A bus by any other name
Since its introduction in 1974 in Brazil, bus rapid transit (BRT) has made big inroads in mass transit internationally. Cities find BRT systems attractive for the reasons noted by ITDP in Recapturing Global Leadership in Bus Rapid Transit: A Survey of Select U.S. Cities:
- “Speed of Implementation: the time from planning to opening tends to be far shorter for BRT than for rail-based alternatives—a benefit very attractive to politicians facing short election cycles.
- Cost: capital costs tend to be considerably lower than those for rail-based mass transit alternatives; operating costs are also lower in some contexts.
- Network Connectivity: because parts of the network can operate on normal streets, it is much cheaper and faster to establish a full network using bus-based mass transit. In this way, modern BRT can offer more one-seat rides than the typical trunk-and-feeder systems offered by older BRT and most light rail, metro, or commuter rail systems.”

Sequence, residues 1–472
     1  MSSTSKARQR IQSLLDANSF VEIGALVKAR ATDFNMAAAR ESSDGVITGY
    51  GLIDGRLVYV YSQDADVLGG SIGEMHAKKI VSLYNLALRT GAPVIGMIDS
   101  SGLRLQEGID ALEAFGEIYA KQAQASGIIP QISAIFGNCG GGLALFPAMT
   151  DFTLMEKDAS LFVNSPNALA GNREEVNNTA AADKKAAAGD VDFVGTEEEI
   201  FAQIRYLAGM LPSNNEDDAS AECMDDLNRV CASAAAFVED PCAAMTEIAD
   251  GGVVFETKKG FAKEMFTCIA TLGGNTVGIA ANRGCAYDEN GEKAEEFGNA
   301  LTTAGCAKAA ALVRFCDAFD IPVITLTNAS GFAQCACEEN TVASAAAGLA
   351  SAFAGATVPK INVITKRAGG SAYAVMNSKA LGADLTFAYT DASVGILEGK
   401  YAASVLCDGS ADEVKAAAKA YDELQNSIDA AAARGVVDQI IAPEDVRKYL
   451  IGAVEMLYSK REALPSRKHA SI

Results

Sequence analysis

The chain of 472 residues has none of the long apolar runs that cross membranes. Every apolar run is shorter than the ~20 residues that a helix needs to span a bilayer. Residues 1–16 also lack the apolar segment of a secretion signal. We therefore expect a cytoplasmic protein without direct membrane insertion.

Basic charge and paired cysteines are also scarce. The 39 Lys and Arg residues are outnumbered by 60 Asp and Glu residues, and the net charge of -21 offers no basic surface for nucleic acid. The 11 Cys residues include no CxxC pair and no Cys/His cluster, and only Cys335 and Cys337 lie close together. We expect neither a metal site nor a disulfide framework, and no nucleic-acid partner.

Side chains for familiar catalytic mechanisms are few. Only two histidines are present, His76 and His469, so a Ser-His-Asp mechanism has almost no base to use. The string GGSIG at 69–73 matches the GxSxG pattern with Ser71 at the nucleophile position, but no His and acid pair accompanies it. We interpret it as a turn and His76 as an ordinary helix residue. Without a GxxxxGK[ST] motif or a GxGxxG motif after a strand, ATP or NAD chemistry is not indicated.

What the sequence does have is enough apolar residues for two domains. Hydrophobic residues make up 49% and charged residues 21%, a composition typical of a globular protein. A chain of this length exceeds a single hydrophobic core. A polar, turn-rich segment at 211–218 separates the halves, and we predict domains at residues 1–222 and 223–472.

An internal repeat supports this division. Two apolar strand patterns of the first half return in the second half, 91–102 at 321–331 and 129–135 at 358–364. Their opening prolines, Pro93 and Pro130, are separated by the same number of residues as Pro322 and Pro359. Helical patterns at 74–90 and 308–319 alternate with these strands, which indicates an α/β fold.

ITDP came up with a ranking system, called the BRT Standard, and used it to score several of the best BRT systems currently operating in the United States, then compared these systems to international best practice. It concluded that several of the systems – Cleveland, Eugene, Los Angeles, Pittsburgh and Las Vegas – have brought about significant improvements in the quality of transit services, and therefore deserve a bronze ranking, but none of them ranks among the world’s leading BRT systems. As for the Boston and New York systems: “Some American systems reviewed had so few essential characteristics that calling them a BRT system at all does a disservice to efforts to gain broader adoption of BRT in the United States.” Bogota remains the gold standard of BRT systems with its iconic TransMilenio.
ITDP’s report summarizes interviews with leading journalists on the topic of public and media perceptions of BRT, noting that “Everyone we spoke with emphasized that none of the BRT systems in the United States today are sufficiently high profile or high quality to capture the public imagination in the way that TransMilenio caught the imagination of the rest of Latin America. Until the United States has a world-class system, most Americans are not going to know what BRT is or understand its potential. The journalists all emphasized that the system will need to have high-concept stations and photogenic buses.”